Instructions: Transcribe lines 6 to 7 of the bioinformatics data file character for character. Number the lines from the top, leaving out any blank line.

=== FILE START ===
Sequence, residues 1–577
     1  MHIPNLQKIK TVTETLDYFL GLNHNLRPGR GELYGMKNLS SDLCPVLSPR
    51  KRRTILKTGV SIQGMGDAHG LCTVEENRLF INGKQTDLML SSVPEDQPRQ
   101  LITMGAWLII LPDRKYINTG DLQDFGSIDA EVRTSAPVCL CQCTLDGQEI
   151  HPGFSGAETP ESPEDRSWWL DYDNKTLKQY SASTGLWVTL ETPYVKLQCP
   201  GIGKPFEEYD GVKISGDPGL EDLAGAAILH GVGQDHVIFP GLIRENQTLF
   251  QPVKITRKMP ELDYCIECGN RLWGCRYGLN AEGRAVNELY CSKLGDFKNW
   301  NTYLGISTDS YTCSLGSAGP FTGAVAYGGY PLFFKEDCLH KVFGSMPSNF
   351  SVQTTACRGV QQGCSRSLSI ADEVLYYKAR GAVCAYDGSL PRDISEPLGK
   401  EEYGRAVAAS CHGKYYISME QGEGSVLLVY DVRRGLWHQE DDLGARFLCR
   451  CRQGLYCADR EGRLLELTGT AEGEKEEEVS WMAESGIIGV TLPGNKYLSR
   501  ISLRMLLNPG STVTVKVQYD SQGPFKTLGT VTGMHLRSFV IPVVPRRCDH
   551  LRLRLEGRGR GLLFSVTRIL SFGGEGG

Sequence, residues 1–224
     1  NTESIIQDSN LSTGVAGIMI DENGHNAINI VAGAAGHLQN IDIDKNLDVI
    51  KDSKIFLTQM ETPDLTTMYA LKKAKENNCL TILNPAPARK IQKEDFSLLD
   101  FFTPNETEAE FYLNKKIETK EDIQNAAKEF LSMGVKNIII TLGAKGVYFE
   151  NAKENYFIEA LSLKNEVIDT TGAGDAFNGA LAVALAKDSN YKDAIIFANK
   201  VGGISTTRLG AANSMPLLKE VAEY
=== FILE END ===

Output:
   201  GIGKPFEEYD GVKISGDPGL EDLAGAAILH GVGQDHVIFP GLIRENQTLF
   251  QPVKITRKMP ELDYCIECGN RLWGCRYGLN AEGRAVNELY CSKLGDFKNW